Go, Pope, go!
A guy with arguably one of the most important and toughest jobs in the universe just quit with only two weeks’ notice. He had a billion people in his organization. His “company” provided not just a housing allowance but a compound so impressive that it had an original Michelangelo painting … on the ceiling!
He had a security detail with velvet uniforms and spears. This guy was so powerful that he didn’t answer to a board of directors — he answered only to God. And unless there’s a scandal that’s yet to hit the wire, he voluntarily retired.
Leaders of organizations that require new blood, fresh ideas and a different skill set are often so wrapped up in their trappings that they forget the company is more important than they are. They grow long in the tooth, and their employees, customers and shareholders suffer as a result.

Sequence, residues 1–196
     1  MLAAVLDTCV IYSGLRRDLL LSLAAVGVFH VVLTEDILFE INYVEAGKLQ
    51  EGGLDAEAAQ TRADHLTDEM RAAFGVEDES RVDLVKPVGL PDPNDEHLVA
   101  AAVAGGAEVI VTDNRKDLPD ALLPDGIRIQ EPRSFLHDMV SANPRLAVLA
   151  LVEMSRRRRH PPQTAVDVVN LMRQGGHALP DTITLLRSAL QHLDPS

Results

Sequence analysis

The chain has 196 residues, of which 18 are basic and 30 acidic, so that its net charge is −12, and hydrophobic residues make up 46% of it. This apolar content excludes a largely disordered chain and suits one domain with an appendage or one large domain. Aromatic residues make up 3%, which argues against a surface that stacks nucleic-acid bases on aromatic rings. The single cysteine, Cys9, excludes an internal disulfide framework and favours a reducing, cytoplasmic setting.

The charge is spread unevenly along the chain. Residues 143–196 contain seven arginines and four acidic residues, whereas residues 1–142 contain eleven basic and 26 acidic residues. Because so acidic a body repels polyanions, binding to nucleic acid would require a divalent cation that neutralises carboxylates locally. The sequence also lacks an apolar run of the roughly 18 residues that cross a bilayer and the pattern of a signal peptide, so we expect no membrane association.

Although this may be correlated with age, correlation is not causation. The three factors I’ve observed that contribute to the “not yet dead, but still in office” syndrome are waning passion, reluctance to change and disinterest in learning. The company leader who ignores changing customer requirements and a shifting business environment eventually goes the route of the Twinkie.
Public companies and those owned by “professional investors” rarely have this problem. If anything, they’re too quick to pull the trigger and convene the College of Cardinals. Family businesses, however, often struggle with transition. Founders may have the right to stay in office, just like the pope, but if their objective is to continue the business, sell it or transition to the next generation, they must ensure that they haven’t put their ego and need for control squarely in front of the goal line.
It takes lots of courage to be an effective leader. But sometimes it takes more courage to admit that you aren’t the right person for the job.